Thursday, May 3, 2001


Legislative leaders, including House Speaker Calvin Say and
Senate President Robert Bunda, center, held a news conference
Monday at the state Capitol about the session's accomplishments.

Public won, leaders say

By Pat Omandam

The 2001 state Legislature was expected to adjourn today after a 60-day odyssey that has gained more than a few nods of approval.

Both Democrats and Republicans agree that the public is the winner, with reforms in government services and in the state Public Employee Health Fund, as well as pay raises for public employee unions and for minimum wage earners.

"It's really a victory for the people at large, the community as a whole," said House Speaker Calvin Say (D, Palolo).

He said there was a businesslike approach to the session and that lawmakers were not sidetracked by April's education strikes or by the rising concern -- and cost -- for compliance with the Felix consent decree.

The decree mandates that the state provide health and education services for special-needs public school students.

Senate President Robert Bunda (D, Wahiawa) said the collaboration with the House produced good changes to collective bargaining.

"I think for the Senate, what we set out to do was to look at change, to look at many of the different things that remind us of change. And that's what we did," Bunda said this week.

House Republicans, who last week complained the privatization and managed-competition measures were not real government reform, this week said it was the increase in the House minority membership that forced the majority Democrats to pass the privatization bill this year.

"We pushed for reducing the size of government, for tax cuts, for reductions in spending," said Rep. Joe Gomes (R, Waimanalo).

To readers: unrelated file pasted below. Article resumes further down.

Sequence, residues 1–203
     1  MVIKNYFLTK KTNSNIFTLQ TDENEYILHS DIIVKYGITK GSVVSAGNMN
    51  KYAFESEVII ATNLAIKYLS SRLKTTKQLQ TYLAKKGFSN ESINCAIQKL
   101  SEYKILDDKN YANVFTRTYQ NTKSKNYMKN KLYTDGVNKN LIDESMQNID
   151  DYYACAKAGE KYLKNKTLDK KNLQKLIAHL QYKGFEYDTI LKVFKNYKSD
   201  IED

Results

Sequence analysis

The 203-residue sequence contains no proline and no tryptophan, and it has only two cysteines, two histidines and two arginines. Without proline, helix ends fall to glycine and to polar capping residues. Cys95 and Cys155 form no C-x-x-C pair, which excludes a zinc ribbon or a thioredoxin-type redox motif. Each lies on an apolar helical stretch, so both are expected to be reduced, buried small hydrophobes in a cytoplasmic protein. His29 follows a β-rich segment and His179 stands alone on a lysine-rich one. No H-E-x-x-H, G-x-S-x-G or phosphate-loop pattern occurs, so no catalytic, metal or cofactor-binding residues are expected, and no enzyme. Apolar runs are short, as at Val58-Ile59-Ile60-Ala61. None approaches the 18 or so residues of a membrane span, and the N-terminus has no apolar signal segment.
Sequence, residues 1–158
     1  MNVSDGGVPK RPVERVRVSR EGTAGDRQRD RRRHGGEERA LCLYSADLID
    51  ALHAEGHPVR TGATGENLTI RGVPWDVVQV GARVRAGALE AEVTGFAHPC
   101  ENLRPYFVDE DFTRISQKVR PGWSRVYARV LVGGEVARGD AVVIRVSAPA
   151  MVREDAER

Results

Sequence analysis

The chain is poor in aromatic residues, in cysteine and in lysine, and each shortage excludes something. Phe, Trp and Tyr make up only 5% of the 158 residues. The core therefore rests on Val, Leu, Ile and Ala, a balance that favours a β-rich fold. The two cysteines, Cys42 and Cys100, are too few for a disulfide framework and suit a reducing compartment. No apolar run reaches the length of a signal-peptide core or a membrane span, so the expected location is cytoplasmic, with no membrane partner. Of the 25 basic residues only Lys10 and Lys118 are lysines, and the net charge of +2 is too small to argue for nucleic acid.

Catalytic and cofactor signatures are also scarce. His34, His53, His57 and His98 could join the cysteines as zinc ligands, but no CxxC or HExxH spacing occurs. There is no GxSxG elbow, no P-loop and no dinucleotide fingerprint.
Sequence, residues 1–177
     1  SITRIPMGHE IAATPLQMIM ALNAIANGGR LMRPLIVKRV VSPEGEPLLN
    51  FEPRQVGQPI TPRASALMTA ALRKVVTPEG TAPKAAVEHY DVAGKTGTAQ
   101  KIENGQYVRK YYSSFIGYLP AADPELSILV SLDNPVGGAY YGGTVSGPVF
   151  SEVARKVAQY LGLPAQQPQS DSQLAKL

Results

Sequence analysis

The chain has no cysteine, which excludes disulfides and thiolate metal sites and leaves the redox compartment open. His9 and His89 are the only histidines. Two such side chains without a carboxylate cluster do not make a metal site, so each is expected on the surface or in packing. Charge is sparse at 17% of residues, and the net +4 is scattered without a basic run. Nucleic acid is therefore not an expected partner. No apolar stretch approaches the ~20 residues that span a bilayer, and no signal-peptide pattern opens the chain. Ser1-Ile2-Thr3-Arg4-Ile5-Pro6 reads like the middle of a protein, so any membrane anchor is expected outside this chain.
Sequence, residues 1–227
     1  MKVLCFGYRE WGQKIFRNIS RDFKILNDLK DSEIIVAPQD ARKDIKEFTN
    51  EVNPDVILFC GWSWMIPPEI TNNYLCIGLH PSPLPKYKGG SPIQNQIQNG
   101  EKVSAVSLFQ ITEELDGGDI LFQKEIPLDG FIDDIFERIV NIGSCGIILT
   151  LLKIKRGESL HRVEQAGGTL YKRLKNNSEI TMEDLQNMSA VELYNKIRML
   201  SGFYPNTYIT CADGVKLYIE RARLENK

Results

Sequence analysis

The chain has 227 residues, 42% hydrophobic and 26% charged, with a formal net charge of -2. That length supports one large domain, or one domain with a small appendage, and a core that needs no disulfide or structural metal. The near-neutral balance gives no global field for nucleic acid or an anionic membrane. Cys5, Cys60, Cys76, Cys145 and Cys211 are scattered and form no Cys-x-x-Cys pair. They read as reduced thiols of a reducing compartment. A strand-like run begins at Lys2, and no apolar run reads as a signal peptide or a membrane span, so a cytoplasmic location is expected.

"Because of our numbers, we could recall bills out of committee and stop legislation that required a two-thirds majority. ... That's the reason we have a privatization bill and the health fund bill," Gomes said.

While changes to the Public Employee Health Fund came relatively easily in the House, the measure won narrow approval in the Senate.

The bill consolidates the state- and union-sponsored health plans into a single trust for active state employees and retirees.

Gov. Ben Cayetano was to sign the two reform bills today.

"The changes were needed to level the playing field at the bargaining table, as well as to keep the health system operating after the state auditor said state contributions to it could reach $1 billion in 2013," said House Majority Whip Scott Saiki (D, McCully).

Senate Majority Leader Jonathan Chun (D, South Kauai) said the health fund was among the rising fixed costs driving the new two-year $14.5 billion state budget.

"When you look at all these things together, you can begin to see the picture ... that we have to be able to control our costs," Chun said.

Despite these major legislative victories, Rep. Ed Case (D, Manoa) said the lawmakers stopped short of making basic changes to government that voters wanted.

The former majority leader and now dissident member said the biggest remaining issue on civil service -- allowing the state and counties to negotiate public worker contracts separately -- continues to falter because of union opposition.

Say said the timing was right for passage of these reform measures, which have been in discussion for several years.

"At some point in time, legislation will bear its fruit," he said.

>> HSTA Web site
>> State Web site
>> Governor's strike Web site
>> DOE Web site
>> UHPA Web site

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